The action opens on the mysterious Sentinel Base where the newly promoted Moff Tarkin is overseeing a project of epic proportion for the Emperor.  The base is attacked by remnants of the Separatist Movement from the Clone Wars.  While he is able to deflect the ambush, Tarkin is recalled to Coruscant where he faces the Emperor and is tasked to lead a joint mission with Darth Vader to root out the Separatists and eliminate them completely.  While on this mission, the Moff’s cruiser, Carrion Spike, is hijacked and after being used by the Separatists to attack Imperial installations it is up to Tarkin and Vader to track the ship down before more damage can be done, all the while unraveling plots and conspiracies over two years in the making.

To say I had high hopes and expectations for thie book would be an understatement   As a life long Star Wars fan, I have always been intrigued by Grand Moff Tarkin ever since seeing him on the big screen.  What made this ruthless Imperial tick?  How did he get to such a prominent position in the Imperial pantheon, especially command of the Death Star?  When I saw that James Luceno was taking the reins and fleshing out this story, I was even more excited, and was not let down!

Tarkin reads more like an espionage thriller and psychological case study than a science fiction adventure, as with most other Star Wars Expanded Universe novels.  The pacing was deliberate and methodical, giving you a true sense not only of the way in which the main investigation in the story is handled, but also a look at the personality of Tarkin himself.  Luceno never lacks on the details, but the story does not get bogged down in them either.  By weaving in stories of Tarkin’s childhood and adolescence, as well as the trials he endured to shape him, we are treated to a wonderful character study that slowly reveals more complexity and layers to Wilhuff Tarkin than you would ever imagine existed.  Couple that with the asides and glimpses into characters such as Vader and the Emperor while interacting with Tarkin, and the entire triumvirate truly comes alive.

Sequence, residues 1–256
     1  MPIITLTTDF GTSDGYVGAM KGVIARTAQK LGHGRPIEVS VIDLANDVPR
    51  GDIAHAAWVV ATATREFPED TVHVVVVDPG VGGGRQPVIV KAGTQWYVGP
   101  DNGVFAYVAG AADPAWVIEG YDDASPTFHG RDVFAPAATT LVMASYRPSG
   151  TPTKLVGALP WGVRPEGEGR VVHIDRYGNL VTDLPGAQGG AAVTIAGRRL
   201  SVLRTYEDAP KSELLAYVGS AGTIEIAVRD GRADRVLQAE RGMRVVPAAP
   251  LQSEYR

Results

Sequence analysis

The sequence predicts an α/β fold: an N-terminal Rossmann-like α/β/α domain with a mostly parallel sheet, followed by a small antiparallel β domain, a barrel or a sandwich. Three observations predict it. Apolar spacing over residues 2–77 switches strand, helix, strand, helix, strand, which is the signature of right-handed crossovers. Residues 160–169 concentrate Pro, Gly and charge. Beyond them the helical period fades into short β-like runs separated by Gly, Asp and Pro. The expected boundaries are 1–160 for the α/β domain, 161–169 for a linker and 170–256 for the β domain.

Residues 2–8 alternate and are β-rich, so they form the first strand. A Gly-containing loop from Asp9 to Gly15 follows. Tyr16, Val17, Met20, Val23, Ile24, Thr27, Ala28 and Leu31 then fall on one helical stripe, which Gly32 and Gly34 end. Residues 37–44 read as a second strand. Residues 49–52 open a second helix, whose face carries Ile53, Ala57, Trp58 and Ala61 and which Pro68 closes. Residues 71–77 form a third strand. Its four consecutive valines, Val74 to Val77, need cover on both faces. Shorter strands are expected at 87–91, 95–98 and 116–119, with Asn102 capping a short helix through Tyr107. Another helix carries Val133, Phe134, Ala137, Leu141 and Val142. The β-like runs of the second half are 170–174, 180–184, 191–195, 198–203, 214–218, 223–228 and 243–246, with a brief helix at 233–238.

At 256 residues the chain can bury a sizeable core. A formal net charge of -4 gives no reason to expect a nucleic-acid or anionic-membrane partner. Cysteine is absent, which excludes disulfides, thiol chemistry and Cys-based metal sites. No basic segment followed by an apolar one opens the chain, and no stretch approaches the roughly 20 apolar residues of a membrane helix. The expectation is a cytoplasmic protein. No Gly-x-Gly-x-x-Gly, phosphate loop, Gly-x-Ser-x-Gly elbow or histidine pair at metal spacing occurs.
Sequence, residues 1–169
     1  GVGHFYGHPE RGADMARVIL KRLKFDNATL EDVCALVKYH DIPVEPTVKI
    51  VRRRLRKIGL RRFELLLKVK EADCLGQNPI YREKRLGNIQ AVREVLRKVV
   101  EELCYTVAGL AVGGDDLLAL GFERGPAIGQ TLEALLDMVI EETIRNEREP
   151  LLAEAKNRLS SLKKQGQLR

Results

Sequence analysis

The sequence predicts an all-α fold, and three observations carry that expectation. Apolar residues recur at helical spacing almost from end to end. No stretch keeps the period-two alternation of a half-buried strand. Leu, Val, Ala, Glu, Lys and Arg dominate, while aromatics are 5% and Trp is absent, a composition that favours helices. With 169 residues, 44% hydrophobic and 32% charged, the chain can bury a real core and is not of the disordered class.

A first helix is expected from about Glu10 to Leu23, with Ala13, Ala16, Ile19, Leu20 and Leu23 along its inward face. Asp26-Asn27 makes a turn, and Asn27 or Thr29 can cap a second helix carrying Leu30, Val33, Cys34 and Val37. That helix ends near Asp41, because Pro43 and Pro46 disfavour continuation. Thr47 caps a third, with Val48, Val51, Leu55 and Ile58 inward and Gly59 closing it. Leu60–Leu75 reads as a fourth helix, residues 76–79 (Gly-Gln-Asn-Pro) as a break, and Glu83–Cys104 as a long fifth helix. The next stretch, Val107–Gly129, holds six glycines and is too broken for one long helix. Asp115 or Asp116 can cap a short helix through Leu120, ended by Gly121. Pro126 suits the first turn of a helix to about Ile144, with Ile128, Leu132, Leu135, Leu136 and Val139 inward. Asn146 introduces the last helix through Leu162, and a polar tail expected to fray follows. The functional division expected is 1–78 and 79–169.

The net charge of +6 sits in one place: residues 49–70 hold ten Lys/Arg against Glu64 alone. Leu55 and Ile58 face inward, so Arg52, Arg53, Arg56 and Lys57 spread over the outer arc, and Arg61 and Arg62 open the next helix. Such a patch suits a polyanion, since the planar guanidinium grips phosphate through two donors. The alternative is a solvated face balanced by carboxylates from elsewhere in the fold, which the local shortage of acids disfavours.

There are some points where the action seems to drag, but, much like Tarkin himself, the story is well metered, calculated, and focused on its desired end.  Readers looking for lots of action will be disappointed, but hopefully not for long as they get to know and understand the personality of one of the most calculating and fearless leaders of the Galactic Empire.

Many thanks to LucasBooksNetGalley, and James Luceno for the opportunity to read and review Tarkin early in exchange for an honest review.  The final version will be released on  November 4, 2014.

Four out of five stars.

Tarkin (Star Wars) on Amazon

Tarkin (Star Wars) on Barnes and Noble

Tarkin (Star Wars) on Goodreads

Tarkin (Star Wars) on LibraryThing

Tarkin (Star Wars) on Shelfari

 
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Posted by on November 2, 2014 in Reviews

 

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ARC Review – The Last Temptation 20th Anniversary Deluxe Edition by Neil Gaiman, Alice Cooper, Michael Zulli, and Dave McKean

Neil Gaiman’s The Last Temptation 20th Anniversary Deluxe Edition 

The Last Temptation 20th Anniversary Deluxe edition by Neil Gaiman and Alice Cooper; art by Michael Zulli and Dave McKean. October 21, 2014. Dynamite Entertainment, 168 p. $39.99 ISBN:9781606905364.

“Neil Gaiman (Sandman, Coraline, American Gods) brings shock rocker Alice Cooper’s concept album to life in a surreal sideshow of the soul! Join a young boy named Steven on a surreal journey of the soul, as an enigmatic and potentially dangerous Showman seduces him into joining his carnival. Celebrate the 20th Anniversary of this seminal Gaiman work, returned to print for the first time in over a decade. Fully remastered in color, this Deluxe Edition incorporates complete scripts to all three chapters, black-and-white thumbnail art of pre-colored pages, an original outline of the project by Neil Gaiman, and a collection of letters between shock rocker Alice Cooper and the author! “I’m really happy that The Last Temptation is coming out for a new generation of readers, who have not seen Michael Zulli’s glorious drawings, or know of the Showman and his wicked ways,” says Neil Gaiman. “I wrote this a long time ago, driven by love of Ray Bradbury’s dark carnivals and of Alice Cooper’s own pandemonium shadow show. It’s time for it to shuffle out onto a leaf-covered street and meet the people who don’t know about Stephen and Mercy and show what’s coming to town.”” — Publisher’s Description